For this week's post I headed to Pobitora Wildlife Sanctuary to see the birds and the Silk Cotton trees in bloom. Although we see these trees in the city, seeing them in the wild without the posts, pylons, and the wires of human habitation, makes it extra special. The drive (my husband was at the wheel) is beautiful. We passed through small villages and rice fields. In the distance were the low hills that's a feature of this area. Nearly every kilometre stretch had either the Coral Tree/Erythrina stricta var. suberosa or the Silk Cotton trees/Bombax ceiba in bloom. In some places there were several clumps all in full bloom. Ideally I'd have loved to spend the entire day under those gorgeous trees but we had another commitment...But it was a morning well spent. The distance was about 45 kms but it was at such a leisurely pace that we went, stopping wherever there were birds and blooming trees.
I'm afraid I haven't been able to identify the birds in the first two photos. The same birds are seen in my seventh photo also. The bill is blue. I think I'll need to spend more time with my latest buy, The Book Of Indian Birds by Salim Ali.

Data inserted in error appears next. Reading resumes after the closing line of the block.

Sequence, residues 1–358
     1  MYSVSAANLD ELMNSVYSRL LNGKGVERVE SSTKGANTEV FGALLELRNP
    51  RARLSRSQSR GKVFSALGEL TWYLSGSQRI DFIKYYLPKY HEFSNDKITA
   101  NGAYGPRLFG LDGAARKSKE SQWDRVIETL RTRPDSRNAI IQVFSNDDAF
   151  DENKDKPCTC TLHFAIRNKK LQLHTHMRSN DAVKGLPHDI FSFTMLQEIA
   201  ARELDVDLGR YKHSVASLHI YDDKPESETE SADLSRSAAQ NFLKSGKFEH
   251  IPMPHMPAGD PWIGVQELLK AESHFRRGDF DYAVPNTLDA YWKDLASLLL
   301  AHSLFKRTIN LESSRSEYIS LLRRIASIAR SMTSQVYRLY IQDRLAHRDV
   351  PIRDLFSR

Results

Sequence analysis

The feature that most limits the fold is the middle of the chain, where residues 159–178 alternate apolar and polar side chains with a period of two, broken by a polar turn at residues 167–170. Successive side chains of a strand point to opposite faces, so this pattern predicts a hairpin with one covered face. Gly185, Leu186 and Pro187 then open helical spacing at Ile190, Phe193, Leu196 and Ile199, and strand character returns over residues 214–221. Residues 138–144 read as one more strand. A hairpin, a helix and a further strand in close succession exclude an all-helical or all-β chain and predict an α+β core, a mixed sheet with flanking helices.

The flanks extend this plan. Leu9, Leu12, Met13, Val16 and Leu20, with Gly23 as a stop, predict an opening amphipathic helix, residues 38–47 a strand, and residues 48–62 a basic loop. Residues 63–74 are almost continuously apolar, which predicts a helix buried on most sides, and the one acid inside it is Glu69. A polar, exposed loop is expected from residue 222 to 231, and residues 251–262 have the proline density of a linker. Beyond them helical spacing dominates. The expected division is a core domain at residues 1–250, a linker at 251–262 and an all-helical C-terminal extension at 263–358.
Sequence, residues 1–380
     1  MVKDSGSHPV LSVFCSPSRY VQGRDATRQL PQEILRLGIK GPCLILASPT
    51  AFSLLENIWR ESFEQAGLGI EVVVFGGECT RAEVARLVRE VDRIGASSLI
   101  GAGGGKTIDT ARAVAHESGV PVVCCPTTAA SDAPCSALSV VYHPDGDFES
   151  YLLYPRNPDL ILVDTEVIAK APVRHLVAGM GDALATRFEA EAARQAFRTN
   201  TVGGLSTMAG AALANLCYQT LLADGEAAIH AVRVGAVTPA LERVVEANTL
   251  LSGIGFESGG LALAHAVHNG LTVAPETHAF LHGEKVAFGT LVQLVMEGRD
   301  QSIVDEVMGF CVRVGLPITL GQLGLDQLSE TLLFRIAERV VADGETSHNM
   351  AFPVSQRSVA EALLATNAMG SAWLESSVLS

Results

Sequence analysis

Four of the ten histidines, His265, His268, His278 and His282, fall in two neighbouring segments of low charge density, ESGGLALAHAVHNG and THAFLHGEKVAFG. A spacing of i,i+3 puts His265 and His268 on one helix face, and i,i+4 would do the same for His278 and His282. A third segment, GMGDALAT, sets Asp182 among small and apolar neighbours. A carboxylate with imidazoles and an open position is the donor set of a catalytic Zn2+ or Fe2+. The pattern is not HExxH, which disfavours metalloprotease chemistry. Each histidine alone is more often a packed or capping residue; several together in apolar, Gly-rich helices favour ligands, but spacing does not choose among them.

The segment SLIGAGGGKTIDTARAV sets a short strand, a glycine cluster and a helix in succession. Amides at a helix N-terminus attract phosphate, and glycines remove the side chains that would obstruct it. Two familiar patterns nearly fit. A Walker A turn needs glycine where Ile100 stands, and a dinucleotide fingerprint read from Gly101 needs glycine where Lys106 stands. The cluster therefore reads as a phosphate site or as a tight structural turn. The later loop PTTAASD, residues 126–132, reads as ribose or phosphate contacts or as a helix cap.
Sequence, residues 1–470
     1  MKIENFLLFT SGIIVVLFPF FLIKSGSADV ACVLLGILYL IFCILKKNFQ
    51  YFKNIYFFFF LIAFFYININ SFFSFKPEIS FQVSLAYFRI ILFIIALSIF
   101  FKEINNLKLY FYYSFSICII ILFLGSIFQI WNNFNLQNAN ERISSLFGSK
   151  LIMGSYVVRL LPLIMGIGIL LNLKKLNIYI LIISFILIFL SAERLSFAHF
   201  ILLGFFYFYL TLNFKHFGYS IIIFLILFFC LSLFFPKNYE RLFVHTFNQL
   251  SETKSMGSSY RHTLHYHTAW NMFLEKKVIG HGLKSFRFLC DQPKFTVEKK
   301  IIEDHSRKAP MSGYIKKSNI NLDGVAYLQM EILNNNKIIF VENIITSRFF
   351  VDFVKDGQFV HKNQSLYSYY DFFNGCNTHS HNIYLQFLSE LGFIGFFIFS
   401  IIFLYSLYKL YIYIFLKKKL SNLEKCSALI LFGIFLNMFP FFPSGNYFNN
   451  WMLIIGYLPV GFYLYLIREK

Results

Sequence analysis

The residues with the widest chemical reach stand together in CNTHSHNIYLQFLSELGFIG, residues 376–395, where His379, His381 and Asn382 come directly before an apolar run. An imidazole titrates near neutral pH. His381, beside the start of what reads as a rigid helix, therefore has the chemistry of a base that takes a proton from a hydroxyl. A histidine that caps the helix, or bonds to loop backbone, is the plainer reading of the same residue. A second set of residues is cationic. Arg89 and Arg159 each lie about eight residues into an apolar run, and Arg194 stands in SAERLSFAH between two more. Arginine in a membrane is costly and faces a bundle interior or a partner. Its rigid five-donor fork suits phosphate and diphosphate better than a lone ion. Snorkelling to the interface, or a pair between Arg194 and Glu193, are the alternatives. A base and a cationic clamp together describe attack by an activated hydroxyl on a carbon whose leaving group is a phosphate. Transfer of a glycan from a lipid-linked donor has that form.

|The Jungle Myna|
Although the Jungle Myna doesn't look very different from the Common Myna, it's most prominent feature is the tuft of feathers on its forehead. These birds usually keep away from human habitation. They are largely omnivorous feeding on grasshoppers, other insects, wild figs, berries, and nectar.
|Silk Cotton tree in full bloom|
Some of the most charming and enjoyable venues for bird watching are certainly afforded by the Silk Cotton, Coral Flower, or Flame of the Forest(Butea) trees in bloom. Their particular attractiveness lies in the fact that the trees, or the branches bearing the gorgeous flowers, are bare and leafless at this season, allowing a clear and unobstructed view of the visitors. Almost every small bird of the surrounding countryside flocks to the blossoms for the sake of the sugary nectar which they produce in such abundance.
|Wonderfully sweet moments for the Asian Pied Starling|
Pobitora is most famous for its rhinos and the periphery of the park is low-lying. In our region, the low-lying areas are usually flooded during the rainy season. But in the dry season there are stretches of water with dense growth of aquatic plants in between. So hundreds of birds are always seen here. We had a field day watching the ducks, the storks, and several other aquatic species. I'll be posting those pictures next week.
A blurry picture of the Red-vented bulbul feeding on the blooms of the Corky Coral tree in our neighbourhood.
I hope you've enjoyed going through the pictures. Although there were several other species, they were too fast for me!:( Who knows what I might be able to capture on the blooms of the Silk Cotton trees next year?! It's a thought that makes me feel really g-o-o-d!
To see more of our feathered friends, click here.